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25 But murmured in their tents': and hearkened not unto the voice of the Lord.

26 Then lift he up his hand against them: to overthrow them in the wilderness;

27 To cast out their feed among the nations : and to scatter them in the lands.

28 They joined themselves unto Baal-peor : and ate the offerings of the dead.

29 Thus they provoked him to anger with their own inventions : and the plague was great among them.

30 Then food up Phinees, and prayed : and so the plague ceased.

31 And that was counted unto him for righteousness : among all posterities for evermore.

32 They angered him also at the waters of strife: so that he punished Moses for their fakes;

33 Because they provoked his spirit : so that he fpake unadvisedly with his lips.

34 Neither destroyed they the heathen : as the Lord commanded them.

35 But were mingled among the heathen : and learned their works.

36 Insomuch that they worshipped their idols, which turned to their own decay: yea, they offered their sons and their daughters unto devils;

37 And shed innocent blood, even the blood of their sons and of their daughters: whom they offered unto the idols of Canaan; and the land was defiled with blood.

38 Thus were they stained with their own works : and went a whoring with their own inventions.

39 Therefore was the wrath of the Lord kindled against his people: infomuch that he abhorred his own inheritance.

28 Dead) Lowth understands by these offerings, facrifices offered to deities that were only dead men.

30 Prayed] “Executed judgment;” (Bib. tranfl.) which Lowth thinks much more agreeable to the common meaning of the word, and to the history. He took

a javelin, and killed an Ifraelitish man and a Midianitish woman. It is probable that as he was the son of Eleazar, the fon of Aaron, he was one of the judges of Israel ; and if so, he had received authority from Mofes for what he did. He had “ said to the judges of Israel, Slay ye every one his man, that were joined to Baal-peor." Numb. xxy. s.

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40 And he gave them over into the hand of the hea. then : and they that hated them, were lords over them.

41 Their enemies, oppressed them : and had them in subjection.

42 Many å time did he deliver them: but they rebelled against him with their own inventions, and were brought down in their wickedness.

43 Nevertheless, when he saw their adversity : he heard their complaint.

44 He thought upon his covenant, and pitied them, according unto the multitude of his mercies : yea, he made all those that led them away captive to pity them.

45 Deliver us, O Lord our God, and gather 'us from among the heathen : that we may give thanks unto thy holy Name, and make our boast of thy praise.

46 Blessed be the Lord God of Israel from everlasting, and world without end : and let all the people say, Amen.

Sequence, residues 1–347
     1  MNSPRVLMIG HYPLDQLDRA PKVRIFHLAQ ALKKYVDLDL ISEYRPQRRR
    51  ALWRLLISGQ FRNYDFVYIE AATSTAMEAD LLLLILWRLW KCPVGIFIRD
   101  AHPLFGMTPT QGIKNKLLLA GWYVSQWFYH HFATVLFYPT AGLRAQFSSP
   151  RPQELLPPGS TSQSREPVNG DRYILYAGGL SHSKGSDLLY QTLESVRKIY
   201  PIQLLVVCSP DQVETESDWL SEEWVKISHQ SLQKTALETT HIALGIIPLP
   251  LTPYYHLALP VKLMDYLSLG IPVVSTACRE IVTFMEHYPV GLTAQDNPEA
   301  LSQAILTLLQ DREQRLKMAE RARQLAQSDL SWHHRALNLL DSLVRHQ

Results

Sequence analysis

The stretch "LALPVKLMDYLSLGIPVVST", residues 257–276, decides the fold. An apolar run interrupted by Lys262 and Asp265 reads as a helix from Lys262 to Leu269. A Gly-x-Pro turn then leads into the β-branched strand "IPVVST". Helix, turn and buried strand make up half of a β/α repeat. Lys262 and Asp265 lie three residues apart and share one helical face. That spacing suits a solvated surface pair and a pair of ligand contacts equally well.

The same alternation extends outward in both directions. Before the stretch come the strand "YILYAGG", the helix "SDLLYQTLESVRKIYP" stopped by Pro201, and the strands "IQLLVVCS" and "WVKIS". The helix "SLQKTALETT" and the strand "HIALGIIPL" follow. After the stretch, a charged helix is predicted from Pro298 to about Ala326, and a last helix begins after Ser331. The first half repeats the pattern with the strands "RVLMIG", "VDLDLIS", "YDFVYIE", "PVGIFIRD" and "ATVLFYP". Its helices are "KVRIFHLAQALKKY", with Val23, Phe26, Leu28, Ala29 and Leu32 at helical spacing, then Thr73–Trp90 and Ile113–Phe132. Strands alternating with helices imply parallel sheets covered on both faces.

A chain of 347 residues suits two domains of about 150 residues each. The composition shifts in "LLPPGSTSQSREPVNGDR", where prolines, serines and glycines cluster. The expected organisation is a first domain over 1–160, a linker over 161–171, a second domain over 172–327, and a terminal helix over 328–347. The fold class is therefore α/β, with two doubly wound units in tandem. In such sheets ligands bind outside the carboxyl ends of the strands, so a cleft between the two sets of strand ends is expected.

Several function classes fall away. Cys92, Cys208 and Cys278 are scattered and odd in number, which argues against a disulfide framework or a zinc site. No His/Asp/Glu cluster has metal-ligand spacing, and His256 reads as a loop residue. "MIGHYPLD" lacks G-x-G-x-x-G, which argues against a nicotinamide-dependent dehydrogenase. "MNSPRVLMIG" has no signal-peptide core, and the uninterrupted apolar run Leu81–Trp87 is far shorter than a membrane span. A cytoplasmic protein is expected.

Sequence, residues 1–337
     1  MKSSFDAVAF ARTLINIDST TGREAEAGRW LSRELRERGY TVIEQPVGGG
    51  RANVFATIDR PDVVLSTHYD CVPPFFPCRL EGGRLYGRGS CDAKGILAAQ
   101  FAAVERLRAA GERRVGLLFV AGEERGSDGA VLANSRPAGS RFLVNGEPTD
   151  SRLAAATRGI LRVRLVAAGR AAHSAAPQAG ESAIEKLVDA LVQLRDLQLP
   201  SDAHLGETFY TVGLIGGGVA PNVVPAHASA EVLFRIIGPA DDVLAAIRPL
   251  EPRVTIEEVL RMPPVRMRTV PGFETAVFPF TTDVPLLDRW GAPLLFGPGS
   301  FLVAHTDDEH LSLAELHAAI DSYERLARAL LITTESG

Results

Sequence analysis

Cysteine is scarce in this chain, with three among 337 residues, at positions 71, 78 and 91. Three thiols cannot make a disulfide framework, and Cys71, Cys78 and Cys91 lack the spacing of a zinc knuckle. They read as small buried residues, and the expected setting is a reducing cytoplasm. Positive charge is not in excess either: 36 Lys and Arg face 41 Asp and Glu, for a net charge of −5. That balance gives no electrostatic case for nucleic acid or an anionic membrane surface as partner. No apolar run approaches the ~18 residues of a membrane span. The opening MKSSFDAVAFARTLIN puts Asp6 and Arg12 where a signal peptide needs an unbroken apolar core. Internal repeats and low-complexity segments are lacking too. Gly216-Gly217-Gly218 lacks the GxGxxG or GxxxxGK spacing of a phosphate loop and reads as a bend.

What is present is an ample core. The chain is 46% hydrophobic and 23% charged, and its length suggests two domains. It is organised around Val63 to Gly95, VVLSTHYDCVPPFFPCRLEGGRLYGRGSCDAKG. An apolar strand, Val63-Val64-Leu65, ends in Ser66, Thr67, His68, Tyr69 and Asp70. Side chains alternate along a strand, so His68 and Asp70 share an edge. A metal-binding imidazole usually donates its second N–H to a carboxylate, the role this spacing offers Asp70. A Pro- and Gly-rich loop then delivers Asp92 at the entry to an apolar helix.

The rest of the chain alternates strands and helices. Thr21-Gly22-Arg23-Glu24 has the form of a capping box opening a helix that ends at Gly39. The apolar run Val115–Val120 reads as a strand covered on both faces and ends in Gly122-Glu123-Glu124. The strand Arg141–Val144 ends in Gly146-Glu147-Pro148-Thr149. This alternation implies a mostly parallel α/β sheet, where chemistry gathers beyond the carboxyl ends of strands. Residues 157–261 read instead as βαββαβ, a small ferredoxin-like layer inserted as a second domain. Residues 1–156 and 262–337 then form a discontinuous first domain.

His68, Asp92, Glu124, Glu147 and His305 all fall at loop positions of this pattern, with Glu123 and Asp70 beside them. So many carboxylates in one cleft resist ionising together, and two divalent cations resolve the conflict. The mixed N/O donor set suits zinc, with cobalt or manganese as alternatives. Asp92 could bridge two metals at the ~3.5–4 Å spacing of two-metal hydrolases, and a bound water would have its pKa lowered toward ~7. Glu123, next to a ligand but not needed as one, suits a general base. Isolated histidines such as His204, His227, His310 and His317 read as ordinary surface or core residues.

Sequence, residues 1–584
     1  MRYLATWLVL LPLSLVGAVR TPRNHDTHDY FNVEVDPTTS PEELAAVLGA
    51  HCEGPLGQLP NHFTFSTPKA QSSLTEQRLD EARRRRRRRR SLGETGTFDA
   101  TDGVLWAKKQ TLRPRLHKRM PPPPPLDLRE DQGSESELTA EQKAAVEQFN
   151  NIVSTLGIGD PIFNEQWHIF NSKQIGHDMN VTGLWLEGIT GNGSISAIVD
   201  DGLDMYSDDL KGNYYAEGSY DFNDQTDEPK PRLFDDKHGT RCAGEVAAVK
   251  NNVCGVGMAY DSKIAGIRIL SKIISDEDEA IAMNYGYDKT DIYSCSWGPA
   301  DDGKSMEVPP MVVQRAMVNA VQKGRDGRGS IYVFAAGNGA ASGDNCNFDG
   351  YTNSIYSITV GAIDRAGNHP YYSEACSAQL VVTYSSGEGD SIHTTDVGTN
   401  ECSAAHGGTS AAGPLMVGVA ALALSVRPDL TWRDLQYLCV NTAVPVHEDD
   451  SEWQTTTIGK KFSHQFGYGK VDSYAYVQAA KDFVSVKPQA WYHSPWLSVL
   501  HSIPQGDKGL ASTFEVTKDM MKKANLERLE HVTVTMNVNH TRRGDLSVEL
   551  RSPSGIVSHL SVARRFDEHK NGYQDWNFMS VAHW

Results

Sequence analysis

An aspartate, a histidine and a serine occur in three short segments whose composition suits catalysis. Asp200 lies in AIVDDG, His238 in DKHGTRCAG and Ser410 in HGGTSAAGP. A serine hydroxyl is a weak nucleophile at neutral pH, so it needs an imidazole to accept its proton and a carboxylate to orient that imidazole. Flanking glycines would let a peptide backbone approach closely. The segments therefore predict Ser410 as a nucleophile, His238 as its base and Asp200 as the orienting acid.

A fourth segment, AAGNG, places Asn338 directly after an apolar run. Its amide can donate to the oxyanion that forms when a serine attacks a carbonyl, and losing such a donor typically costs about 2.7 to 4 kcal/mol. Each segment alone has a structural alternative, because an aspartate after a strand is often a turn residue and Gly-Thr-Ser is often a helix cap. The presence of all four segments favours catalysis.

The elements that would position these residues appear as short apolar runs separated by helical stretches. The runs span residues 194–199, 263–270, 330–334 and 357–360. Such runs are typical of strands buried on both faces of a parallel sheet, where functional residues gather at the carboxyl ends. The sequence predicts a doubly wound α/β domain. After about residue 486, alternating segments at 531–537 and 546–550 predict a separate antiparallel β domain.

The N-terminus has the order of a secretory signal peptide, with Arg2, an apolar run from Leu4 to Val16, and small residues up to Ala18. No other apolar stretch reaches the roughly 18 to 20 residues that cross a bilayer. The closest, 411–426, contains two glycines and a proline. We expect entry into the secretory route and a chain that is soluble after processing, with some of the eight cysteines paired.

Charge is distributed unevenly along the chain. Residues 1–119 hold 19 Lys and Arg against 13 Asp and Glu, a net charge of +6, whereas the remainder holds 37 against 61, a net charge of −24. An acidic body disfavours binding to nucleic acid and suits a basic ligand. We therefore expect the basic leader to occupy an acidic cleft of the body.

MORNING PRAYER.

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Psalm cvii. Confitemini Domino.
Give thanks unto the Lord, for he is gracious : and

his mercy endureth for ever. 2 Ler them give thanks, whom the Lord hath re. deemed : and delivered from the hand of the enemy;

3 And gathered them out of the lands, from the east, and from the west: from the north, and from the south.

4 They went astray in the wilderness out of the way: and found no city to dwell in;

5 Hungry, and thirsty; their soul fainted in them. Pfalm cvii.] All persons are called upon in this psalm to acknowledge the mercies of God in rescuing them from several dangers to which they are exposed during every part of their lives, peculiarly from huoger, imprifonment, disease, and danger by sea. The author, and the occasion of this psalm, are unknown. It was sung in parts alternately,

4] Their paffage through the wilderness not being a journeying such as when men pass on in a road to fome inhabited place, and though they are at present in the wilderness, yet if they have provision for a time, they will soon arrive at the end of their labours, but a wandering up and down from all path and road in an endless maze.

6 So they cried unto the Lord in their trouble: and he delivered them from their distress.

7 He led them forth by the right way : that they might go to the city where they dwelt.

8 O that men would therefore praise the Lord for his goodness : and declare the wonders that he doeth for the children of men!

9 For he satisfieth the empty soul : and filleth, the hungry soul with goodness ;

10 Such as fit in darkness, and in the shadow of death : being fast bound in misery and iron.

11 Because they rebelled against the words of the Lord : and lightly regarded the counsel of the most Highest ;

12 He also brought down their heart through heavi. ness: they fell down, and there was none to help them.